It was great to visit two fantastic schools - Grange Primary and Kirton-in-Lindsey Primary - and hear about the great work children and staff are doing. I was in Kirton too for the annual Civic Service which appropriately took as its theme tolerance and including everybody in the community.
Finally I was really privileged to present the graduation certificates to around 200 fantastic young people who had completed their National Citizens' Service this summer at a brilliant Awards Ceremony held in our magnificent Baths Hall
The early part of the week I was on a cross-party parliamentary visit to Berlin which had us going from place to place, meeting to meeting in short order! We...
Who would have thought that the most successful Conservative Leader in a generation would be out of office and out of Parliament less than 18 months after winning the 2015 General Election? But that’s what happened! This week David Cameron had resigned as Member of Parliament for Whitney. We are living in very strange political times! And with the Labour Leadership election coming to a close I begin to wonder if that will bring more surprises. We will have to wait and see!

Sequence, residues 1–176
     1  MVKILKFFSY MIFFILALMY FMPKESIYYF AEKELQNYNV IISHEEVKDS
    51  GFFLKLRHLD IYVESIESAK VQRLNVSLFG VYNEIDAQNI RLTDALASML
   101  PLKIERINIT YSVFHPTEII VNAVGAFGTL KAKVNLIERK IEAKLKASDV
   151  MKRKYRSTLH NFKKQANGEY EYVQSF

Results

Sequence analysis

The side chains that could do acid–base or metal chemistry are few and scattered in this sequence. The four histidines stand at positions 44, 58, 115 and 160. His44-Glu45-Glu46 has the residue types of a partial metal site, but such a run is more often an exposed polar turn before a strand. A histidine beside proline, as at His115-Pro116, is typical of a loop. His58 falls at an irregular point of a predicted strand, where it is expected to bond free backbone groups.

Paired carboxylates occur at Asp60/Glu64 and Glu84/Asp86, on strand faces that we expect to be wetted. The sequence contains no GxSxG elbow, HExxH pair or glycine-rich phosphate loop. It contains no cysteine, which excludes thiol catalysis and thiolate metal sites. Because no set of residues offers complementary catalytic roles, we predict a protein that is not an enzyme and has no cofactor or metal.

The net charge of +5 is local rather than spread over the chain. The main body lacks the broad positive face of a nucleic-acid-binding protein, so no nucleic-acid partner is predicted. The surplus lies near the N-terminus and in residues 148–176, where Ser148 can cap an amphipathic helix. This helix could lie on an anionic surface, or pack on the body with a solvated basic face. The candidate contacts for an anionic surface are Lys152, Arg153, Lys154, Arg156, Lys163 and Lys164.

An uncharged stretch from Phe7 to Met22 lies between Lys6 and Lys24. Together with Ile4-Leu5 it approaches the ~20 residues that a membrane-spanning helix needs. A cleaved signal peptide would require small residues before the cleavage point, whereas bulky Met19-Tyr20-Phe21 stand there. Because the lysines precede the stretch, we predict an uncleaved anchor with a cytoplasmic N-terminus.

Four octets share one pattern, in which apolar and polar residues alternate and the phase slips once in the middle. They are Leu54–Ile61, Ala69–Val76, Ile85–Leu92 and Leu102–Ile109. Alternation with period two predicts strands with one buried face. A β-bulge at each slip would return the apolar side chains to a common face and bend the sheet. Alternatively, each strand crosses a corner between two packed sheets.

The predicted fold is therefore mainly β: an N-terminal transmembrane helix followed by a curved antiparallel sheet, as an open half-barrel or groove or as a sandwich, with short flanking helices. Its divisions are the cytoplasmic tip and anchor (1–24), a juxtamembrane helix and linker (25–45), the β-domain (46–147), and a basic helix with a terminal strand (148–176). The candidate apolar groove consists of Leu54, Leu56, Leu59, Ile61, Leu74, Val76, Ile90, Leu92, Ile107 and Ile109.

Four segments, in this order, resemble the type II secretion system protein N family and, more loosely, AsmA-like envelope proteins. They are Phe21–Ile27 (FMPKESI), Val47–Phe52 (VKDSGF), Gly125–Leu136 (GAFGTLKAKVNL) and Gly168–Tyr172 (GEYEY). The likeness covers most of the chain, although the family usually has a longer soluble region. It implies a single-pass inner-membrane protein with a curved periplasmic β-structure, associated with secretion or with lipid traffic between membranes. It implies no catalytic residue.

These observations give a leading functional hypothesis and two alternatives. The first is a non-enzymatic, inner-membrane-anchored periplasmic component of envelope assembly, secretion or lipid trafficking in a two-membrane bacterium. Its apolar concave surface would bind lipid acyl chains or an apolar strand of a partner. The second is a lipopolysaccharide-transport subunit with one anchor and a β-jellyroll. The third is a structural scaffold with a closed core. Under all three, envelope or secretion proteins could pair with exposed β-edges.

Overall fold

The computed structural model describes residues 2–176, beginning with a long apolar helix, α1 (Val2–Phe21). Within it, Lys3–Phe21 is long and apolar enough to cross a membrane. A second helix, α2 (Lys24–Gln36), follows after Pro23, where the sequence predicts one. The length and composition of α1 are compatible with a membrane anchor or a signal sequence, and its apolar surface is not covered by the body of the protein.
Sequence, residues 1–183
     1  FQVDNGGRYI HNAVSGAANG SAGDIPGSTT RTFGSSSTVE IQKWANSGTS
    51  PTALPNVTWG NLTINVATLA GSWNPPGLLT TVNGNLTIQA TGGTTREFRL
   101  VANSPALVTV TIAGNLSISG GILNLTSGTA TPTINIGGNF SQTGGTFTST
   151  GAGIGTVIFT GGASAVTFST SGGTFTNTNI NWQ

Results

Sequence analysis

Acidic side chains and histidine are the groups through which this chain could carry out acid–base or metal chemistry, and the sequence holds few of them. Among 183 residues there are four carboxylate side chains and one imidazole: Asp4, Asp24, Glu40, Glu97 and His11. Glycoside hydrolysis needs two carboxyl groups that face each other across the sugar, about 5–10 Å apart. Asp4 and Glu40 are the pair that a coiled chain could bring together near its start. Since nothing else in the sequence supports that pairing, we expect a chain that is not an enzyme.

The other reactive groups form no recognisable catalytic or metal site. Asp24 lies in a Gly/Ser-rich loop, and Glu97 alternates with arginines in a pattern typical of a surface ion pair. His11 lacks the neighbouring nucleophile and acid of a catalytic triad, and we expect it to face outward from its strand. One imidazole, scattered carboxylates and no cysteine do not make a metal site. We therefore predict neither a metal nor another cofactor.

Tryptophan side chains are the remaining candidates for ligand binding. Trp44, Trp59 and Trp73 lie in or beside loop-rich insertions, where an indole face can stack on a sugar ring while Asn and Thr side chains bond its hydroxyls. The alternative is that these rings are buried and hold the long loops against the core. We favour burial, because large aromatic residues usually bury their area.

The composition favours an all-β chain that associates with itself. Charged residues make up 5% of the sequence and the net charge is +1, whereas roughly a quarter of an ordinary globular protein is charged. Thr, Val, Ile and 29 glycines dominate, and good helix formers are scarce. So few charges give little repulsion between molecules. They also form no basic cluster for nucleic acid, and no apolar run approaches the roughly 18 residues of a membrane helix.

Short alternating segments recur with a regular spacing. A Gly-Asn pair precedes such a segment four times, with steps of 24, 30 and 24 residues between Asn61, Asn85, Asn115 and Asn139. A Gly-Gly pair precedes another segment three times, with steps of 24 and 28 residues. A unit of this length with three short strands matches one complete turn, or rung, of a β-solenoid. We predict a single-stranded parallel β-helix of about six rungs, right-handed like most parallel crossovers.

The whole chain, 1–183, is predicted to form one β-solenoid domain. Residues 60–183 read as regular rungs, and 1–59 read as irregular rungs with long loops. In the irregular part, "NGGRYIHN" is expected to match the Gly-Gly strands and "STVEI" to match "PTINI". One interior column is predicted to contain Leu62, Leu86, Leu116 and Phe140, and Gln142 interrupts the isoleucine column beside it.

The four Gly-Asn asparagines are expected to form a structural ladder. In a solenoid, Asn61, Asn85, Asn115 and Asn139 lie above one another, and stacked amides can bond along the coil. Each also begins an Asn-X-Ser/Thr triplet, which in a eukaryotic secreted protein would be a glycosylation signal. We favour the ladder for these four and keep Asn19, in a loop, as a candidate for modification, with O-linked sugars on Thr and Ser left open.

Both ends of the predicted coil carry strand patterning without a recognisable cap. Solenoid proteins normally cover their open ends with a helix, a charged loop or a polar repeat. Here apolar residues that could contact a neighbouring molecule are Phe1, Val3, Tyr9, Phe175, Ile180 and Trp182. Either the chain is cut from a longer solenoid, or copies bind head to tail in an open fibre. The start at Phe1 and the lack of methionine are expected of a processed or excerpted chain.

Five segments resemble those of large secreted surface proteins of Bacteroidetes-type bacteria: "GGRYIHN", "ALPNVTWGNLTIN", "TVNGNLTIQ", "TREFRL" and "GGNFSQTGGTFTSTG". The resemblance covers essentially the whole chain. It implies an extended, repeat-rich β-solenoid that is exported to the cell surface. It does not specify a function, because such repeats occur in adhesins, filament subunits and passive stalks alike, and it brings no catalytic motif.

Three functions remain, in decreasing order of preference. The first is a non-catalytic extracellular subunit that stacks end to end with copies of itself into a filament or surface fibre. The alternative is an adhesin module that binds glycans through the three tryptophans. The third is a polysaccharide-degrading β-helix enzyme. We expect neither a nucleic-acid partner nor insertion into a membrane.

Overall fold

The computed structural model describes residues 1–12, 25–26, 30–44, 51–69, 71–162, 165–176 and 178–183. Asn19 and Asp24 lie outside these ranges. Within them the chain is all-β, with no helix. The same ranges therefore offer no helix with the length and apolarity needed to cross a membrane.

Theresa May’s announcement that she wants to turn the clock back and open more grammar schools has created as much opposition from Conservative MPs as Labour MPs. All the evidence shows that areas with selective education do less well for their young people than non-selective areas like North Lincolnshire. And no-one seems able to point to a high performing education system in the world that has selection at age 11.
We also had the announcement that Hinckley C nuclear plant will go ahead after last minute dithering from the Prime Minister. It has always seemed odd to me that a Conservative Government is getting Communist China and a nationalised French company to build our next generation of nuclear reactors at enormous cost to the UK tax payer. Let’s hope they use UK steel.